Ex-defense minister Irakli Okruashvili, who was facing multiple criminal charges and was arrested upon his return back to Georgia in November, was released from a courtroom on January 11.
His release was made possible after Okruashvili was cleared of bribe-taking and extortion charges during a hearing in the Court of Appeals on January 10 and after the Tbilisi City Court accepted on January 11 a motion from prosecutors to release Okruashvili from custody on GEL 15,000 bail in separate case involving charges of negligence while serving as Defense Minister from late 2004 till November, 2006.
Okruashvili was sentenced to eleven years in prison by the lower court in connection to bribery and extortion charges in 2008 and trial into negligence will continue in the Tbilisi City Court next week.
Okruashvili in addition also faces charges related to formation of illegal armed group, brought against him by the previous authorities amid street protest rallies in spring 2011. During a January 9 court hearing several witnesses, who initially testified against Okruashvili into this case, retracted their statements citing that they were coerced into testifying against ex-defense minister. The trial into this case will also continue next week in the Tbilisi City Court.
Okruashvili also faced charges related to several counts of exceeding official powers and money laundering while serving as Defense Minister; but the Prosecutor’s Office dropped those charges too.
After he left the court, Okruashvili told journalists: “I had no doubts about such outcome. But there are still two cases on which the trials are ongoing and are expected to be over next week and I expect similar decisions [of being cleared of charges] in these cases [related to armed group and negligence] too.”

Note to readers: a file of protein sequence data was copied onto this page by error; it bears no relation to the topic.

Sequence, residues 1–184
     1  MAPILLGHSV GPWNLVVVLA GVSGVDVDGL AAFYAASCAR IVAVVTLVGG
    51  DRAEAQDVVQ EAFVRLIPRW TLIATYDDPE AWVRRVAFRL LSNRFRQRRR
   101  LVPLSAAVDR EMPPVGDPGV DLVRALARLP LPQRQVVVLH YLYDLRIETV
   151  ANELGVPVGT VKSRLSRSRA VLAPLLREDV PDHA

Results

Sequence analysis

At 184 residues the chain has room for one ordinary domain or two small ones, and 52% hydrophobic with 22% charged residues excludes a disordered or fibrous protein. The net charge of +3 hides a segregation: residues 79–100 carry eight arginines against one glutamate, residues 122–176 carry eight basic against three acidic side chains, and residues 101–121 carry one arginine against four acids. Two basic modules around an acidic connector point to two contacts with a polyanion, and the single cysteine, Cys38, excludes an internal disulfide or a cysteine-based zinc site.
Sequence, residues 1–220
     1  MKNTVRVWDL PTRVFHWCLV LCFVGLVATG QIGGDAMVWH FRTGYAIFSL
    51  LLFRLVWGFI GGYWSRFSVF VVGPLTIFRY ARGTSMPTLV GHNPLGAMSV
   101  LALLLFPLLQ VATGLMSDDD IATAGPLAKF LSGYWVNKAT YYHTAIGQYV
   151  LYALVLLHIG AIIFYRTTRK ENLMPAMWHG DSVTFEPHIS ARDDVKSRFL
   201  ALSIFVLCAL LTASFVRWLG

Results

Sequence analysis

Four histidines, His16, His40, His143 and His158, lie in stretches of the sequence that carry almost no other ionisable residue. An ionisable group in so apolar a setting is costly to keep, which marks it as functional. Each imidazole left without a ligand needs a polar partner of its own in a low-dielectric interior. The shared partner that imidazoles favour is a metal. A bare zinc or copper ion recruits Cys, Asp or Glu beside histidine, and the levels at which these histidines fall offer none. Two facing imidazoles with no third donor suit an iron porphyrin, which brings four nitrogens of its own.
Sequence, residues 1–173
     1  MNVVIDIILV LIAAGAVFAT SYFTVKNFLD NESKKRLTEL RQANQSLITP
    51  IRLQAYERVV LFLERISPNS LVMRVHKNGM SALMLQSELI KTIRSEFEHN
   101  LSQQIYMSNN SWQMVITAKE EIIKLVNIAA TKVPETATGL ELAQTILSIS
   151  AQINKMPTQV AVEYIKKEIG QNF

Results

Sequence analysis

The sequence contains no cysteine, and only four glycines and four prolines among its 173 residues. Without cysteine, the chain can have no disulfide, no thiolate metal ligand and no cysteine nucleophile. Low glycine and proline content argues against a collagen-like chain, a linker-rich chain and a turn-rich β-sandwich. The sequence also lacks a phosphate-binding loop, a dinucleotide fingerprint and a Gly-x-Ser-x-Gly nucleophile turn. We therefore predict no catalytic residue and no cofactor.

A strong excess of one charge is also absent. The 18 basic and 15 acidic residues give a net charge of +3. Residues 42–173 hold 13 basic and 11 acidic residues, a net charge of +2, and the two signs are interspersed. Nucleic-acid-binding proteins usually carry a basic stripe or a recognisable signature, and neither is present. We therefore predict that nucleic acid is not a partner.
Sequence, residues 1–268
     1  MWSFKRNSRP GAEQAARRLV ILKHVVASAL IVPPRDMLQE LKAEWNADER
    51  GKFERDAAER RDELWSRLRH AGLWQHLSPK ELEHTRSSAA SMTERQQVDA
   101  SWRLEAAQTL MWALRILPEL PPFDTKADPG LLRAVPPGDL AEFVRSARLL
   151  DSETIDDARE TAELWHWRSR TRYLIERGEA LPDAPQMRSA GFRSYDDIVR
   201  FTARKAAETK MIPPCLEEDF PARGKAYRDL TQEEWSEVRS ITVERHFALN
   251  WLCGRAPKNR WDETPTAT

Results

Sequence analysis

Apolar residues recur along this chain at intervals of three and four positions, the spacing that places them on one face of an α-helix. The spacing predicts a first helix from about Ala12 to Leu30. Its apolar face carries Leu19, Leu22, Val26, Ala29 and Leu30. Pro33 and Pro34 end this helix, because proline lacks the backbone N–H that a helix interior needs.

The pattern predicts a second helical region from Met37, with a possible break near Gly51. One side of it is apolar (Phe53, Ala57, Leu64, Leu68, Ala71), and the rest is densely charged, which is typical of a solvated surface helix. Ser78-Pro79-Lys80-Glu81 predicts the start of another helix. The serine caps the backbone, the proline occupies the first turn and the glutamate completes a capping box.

Asked whether he would return back into politics, Okruashvili responded: “Now it’s difficult to speak about it, but let’s see.” He also added that he would convene a news conference for journalists next week.
Okruashvili, who was one of the most influential government members and President Saakashvili’s close ally before quitting the cabinet in November 2006, was arrested just two days after he leveled serious allegations against President Saakashvili and announced about setting up of an opposition party in late September, 2007.
At that time he was charged with large scale extortion; less than two weeks after he was arrested, Okruashvili pleaded guilty, retracted his allegations leveled against Saakashvili and was released on bail; he then left the country in what his supporters said was expulsion by the authorities.
In March, 2008 court in Georgia found Okruashvili guilty of “large-scale extortion” and sentenced him to 11 years in prison in absentia; a month later Okruashvili was granted asylum in France.
While remaining in France, Okruashvili re-emerged actively in Georgia’s political developments in spring 2011 when his party joined briefly ex-parliamentary speaker Nino Burjanadze-backed street protest rallies but the alliance was short-lived. At the time the authorities filed new charges against Okruashvili related to alleged armed group.